Transhumanism and the End of Religion


Mankind is still embryonic … [humans are] the bud from which something more complicated and more centered than [humans themselves] should emerge. ~ Teilhard de Chardin

1. The End of Religion

Transhumanism is:

[su_quote]The intellectual and cultural movement that affirms the possibility and desirability of fundamentally improving the human condition through applied reason, especially by developing and making widely available technologies to eliminate aging and to greatly enhance human intellectual, physical, and psychological capacities … transhumanism is a way of thinking about the future that is based on the premise that the human species in its current form does not represent the end of our development but rather a comparatively early phase.[1] [/su_quote]

Transhumanism appears to have nothing in common with religion, defined as: “the belief in and worship of a god or gods, or any such system of belief and worship…”[2]

In transhumanism gods plays no role.

Yet the two are not entirely dissimilar. Like transhumanists, the religious generally want to overcome the limitations of the body and live forever in eternal bliss. Religions, arising before transhumanist ideas were conceivable, advised its followers to accept death and hope for the best, with no other options available. And religious beliefs provided comfort against natural evils before the advent of science and technology.

But must we relinquish religious beliefs now, before science gives us everything we want? Might we allow the comfort of religious beliefs to those who need them, to  those who must tell their children something when someone dies? The most important reason to abandon religious belief is religion’s opposition to most forms of progress. From the elimination of slavery, the use of birth control, and women’s and civil rights, to stem cell research, genetic engineering, and science in general, organized religion often opposes progress. The comfort provided by archaic superstitions often impedes advancement and should be set aside.


2. Transhumanism as a Cosmic Narrative

But can humans function without the old religious narratives? As I said in a previous post, humans need a new narrative based on a scientific worldview. This narrative could be a transhumanist one, of humans playing their role as links in a chain leading to more complex forms of being and consciousness. But against this seemingly infinite temporal background, what can be said of the significance of a single, finite human life? Not much. For now we must be content to hope that our post-human descendants will experience more meaningful consciousness, grateful to us for the part we played in bringing about their future.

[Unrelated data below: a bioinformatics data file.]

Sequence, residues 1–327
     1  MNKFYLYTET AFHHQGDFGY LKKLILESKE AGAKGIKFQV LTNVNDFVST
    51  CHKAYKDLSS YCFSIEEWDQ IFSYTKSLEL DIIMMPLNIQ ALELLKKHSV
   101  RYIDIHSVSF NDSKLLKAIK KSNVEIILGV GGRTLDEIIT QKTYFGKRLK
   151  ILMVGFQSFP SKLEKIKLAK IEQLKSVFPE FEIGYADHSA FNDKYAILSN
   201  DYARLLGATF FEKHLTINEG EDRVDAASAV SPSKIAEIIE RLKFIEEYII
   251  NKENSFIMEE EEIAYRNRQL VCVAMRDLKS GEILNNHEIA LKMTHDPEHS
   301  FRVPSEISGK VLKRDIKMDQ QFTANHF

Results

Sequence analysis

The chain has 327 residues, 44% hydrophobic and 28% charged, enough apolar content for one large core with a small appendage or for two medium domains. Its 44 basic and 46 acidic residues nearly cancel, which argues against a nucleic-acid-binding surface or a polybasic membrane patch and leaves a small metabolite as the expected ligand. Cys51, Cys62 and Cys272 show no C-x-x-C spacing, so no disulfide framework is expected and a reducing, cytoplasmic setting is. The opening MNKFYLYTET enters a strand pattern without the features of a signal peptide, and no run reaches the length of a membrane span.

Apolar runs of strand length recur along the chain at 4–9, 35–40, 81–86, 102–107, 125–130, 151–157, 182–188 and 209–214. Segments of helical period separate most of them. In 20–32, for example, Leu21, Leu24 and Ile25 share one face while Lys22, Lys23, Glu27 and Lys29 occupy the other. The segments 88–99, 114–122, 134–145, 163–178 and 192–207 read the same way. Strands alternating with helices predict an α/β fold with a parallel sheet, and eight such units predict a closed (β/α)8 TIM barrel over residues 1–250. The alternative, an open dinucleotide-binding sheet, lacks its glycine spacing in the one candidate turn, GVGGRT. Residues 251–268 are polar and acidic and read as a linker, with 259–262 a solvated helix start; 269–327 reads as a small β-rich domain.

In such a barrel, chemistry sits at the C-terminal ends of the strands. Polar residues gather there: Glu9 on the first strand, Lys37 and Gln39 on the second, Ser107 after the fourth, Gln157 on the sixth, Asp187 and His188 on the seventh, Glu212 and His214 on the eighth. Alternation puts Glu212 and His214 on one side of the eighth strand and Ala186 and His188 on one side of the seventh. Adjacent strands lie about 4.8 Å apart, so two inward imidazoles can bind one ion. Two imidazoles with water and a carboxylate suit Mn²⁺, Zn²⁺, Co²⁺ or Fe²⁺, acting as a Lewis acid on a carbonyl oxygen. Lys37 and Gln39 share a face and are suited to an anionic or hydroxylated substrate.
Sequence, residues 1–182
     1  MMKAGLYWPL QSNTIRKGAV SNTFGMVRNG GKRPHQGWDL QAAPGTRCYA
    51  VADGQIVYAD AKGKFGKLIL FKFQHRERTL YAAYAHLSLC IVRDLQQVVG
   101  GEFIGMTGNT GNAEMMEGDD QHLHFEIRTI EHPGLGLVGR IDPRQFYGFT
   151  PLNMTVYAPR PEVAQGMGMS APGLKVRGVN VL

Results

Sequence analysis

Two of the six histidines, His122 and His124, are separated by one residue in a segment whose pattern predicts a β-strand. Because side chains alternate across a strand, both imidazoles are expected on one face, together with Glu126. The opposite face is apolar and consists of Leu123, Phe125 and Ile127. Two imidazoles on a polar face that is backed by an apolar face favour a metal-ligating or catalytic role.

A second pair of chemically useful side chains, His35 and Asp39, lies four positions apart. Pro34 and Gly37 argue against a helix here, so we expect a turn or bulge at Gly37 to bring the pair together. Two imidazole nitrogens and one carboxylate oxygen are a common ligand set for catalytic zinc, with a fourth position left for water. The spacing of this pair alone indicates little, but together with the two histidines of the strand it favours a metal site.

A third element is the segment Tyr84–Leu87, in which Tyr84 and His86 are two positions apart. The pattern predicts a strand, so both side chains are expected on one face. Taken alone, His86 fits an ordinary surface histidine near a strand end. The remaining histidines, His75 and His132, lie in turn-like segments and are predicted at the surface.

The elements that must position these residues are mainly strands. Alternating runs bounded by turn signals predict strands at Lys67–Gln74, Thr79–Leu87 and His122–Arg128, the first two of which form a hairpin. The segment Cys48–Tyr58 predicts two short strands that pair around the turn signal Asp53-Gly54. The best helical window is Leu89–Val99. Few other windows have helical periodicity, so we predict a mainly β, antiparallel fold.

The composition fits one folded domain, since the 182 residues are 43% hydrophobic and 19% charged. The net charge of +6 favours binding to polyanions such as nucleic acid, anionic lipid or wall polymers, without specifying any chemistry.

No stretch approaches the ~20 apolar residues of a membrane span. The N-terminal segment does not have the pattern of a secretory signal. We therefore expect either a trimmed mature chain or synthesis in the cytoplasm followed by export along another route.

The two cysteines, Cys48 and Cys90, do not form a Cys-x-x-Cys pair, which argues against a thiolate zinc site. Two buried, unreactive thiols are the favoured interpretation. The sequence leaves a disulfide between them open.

And what is the point of all cosmic evolution producing these higher and more conscious life forms? Again we must hope that our post-human descendants will understand these ultimate questions and that our own lives—by then long past—will be given significance by that knowledge. We can also hope that somehow, in ways presently unimaginable, we will be aware of how we helped bring about a better and more meaningful cosmos. If not, we can still take solace in the fact that we played a cosmic role.

No doubt humans need a new scientifically based cosmic narrative to replace the older less plausible religious ones. Such narratives are beginning to emerge as our understanding of cosmic evolution and our proper role in it increases. But whatever shape those narratives take they will be informed by the belief that humans can evolve into something much more than they are now.

1. This quote is from the Humanity+ website’s FAQ section.

2. From “The Cambridge International Dictionary of English.”


John G. Messerly, Ph.D taught for many years in both the philosophy and computer science departments at the University of Texas at Austin. His most recent book is The Meaning of Life: Religious, Philosophical, Scientific, and Transhumanist Perspectives. He blogs daily on issues of futurism and the meaning of life at



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